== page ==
In third record intrusion, China sends 52 aircraft towards Taiwan

In third record intrusion, China sends 52 aircraft towards Taiwan
In third record intrusion, China sends 52 aircraft towards Taiwan

In third record intrusion, China sends 52 aircraft towards Taiwan

China on Monday sent 52 PLA Air Force aircraft towards Taiwan in the latest show of aerial force, marking a third record aerial intrusion in the past four days.

Taiwan’s Ministry of Defence said the aircraft included 34 J-16s and 12 nuclear capable H-6 bombers, and said it had responded by issuing radio warnings and deploying air defence systems to monitor the activity.

Monday’s entry of the PLA aircraft into the Air Defence Identification Zone followed a record 38 aircraft sent on Friday, when China marked its National Day, and 39 aircraft on Saturday in two separate waves.

Taiwan officials have hit out at the aerial intrusions into the ADIZ as acts of “military aggression” and “damaging regional peace”.

The intrusions have coincided with China’s National Day, marked on October 1, and come ahead of Taiwan’s National Day on October 10.

The aerial deployments were seen in Taiwan as “a demonstration to Taiwan and United States of the PLA's joint combat capabilities and its ability to quickly assemble assets from different units”, the official CNA news agency reported from Taipei on Sunday.

Beijing has in the past timed intrusions into the ADIZ as a form of signalling. Prior to the National Day intrusions, another on September 23 coincided with Taiwan saying it had submitted an application to join the 11-nation CPTPP (Comprehensive and Progressive Agreement for Trans-Pacific Partnership) trade deal, days after China said it had formally applied to join the Pacific pact.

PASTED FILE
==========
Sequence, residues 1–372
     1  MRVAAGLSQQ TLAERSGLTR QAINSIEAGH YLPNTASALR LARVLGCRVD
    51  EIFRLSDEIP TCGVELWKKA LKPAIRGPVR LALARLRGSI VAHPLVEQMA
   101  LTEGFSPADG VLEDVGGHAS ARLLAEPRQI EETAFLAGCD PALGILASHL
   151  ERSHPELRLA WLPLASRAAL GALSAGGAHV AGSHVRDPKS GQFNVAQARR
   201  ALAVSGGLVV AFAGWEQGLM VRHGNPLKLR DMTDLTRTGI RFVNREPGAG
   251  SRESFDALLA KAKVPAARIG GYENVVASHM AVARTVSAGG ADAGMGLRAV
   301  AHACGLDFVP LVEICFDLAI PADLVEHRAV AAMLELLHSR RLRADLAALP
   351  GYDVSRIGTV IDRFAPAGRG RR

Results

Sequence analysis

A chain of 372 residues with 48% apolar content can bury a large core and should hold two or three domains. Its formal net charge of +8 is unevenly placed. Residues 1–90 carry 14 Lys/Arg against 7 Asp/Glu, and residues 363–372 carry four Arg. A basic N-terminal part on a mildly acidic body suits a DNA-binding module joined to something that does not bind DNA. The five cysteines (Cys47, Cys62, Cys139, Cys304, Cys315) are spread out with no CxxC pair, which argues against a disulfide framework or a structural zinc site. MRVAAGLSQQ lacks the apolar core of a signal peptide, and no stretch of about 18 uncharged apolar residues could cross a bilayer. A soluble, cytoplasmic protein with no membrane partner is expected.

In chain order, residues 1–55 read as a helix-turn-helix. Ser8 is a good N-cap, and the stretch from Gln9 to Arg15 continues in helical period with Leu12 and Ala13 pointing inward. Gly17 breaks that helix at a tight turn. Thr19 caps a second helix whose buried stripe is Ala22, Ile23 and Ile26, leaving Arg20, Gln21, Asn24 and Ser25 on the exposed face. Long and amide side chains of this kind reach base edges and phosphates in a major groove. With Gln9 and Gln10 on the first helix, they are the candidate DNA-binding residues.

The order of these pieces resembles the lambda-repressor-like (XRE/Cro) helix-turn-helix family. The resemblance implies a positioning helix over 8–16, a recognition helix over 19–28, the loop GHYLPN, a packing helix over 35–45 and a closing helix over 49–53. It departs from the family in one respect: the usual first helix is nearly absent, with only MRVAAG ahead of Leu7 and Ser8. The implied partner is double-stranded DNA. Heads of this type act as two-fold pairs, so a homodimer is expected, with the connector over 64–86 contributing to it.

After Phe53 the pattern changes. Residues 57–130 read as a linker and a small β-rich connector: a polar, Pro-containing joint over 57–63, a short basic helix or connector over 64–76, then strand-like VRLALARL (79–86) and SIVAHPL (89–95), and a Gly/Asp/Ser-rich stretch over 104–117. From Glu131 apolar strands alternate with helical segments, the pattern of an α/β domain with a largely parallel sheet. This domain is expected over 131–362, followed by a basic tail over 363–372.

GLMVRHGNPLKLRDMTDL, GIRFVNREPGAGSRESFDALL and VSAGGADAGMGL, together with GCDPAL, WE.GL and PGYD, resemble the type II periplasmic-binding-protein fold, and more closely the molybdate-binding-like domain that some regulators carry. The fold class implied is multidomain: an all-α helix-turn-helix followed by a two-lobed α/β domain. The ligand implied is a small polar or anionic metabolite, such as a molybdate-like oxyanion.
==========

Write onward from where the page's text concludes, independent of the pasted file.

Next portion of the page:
Last month, Beijing strongly hit out at Taiwan's application to join the CPTPP. “There is only one China in the world,” spokesperson Zhao Lijian said, “and Taiwan is an inalienable part of China's territory.”

Commenting on Saturday’s record air intrusions, U.S. State Department spokesperson Ned Price said the U.S. "is very concerned by the People’s Republic of China’s provocative military activity near Taiwan, which is destabilising, risks miscalculations, and undermines regional peace and stability.”

China on Monday slammed the U.S. statement, saying “Taiwan belongs to China and the US is in no position to make irresponsible remarks.”

The comments “send an extremely wrong and irresponsible signal,” Foreign Ministry spokesperson Hua Chunying said, adding that “For quite some time, the U.S. has been making negative moves by selling arms to Taiwan and strengthening official and military ties with Taiwan, including the launch of a $750 million arms sale plan to Taiwan, the landing of US military aircraft in Taiwan and frequent sailing of US warships across the Taiwan Strait.”

“These provocative moves undermine China-US relations and regional peace and stability. China is firmly opposed to them and has taken necessary countermeasures,” she said in a statement. “’Taiwan independence’ leads nowhere. China will take all necessary measures to resolutely crush all attempts at ‘Taiwan independence.’ China has firm resolve and will to safeguard national sovereignty and territorial integrity.”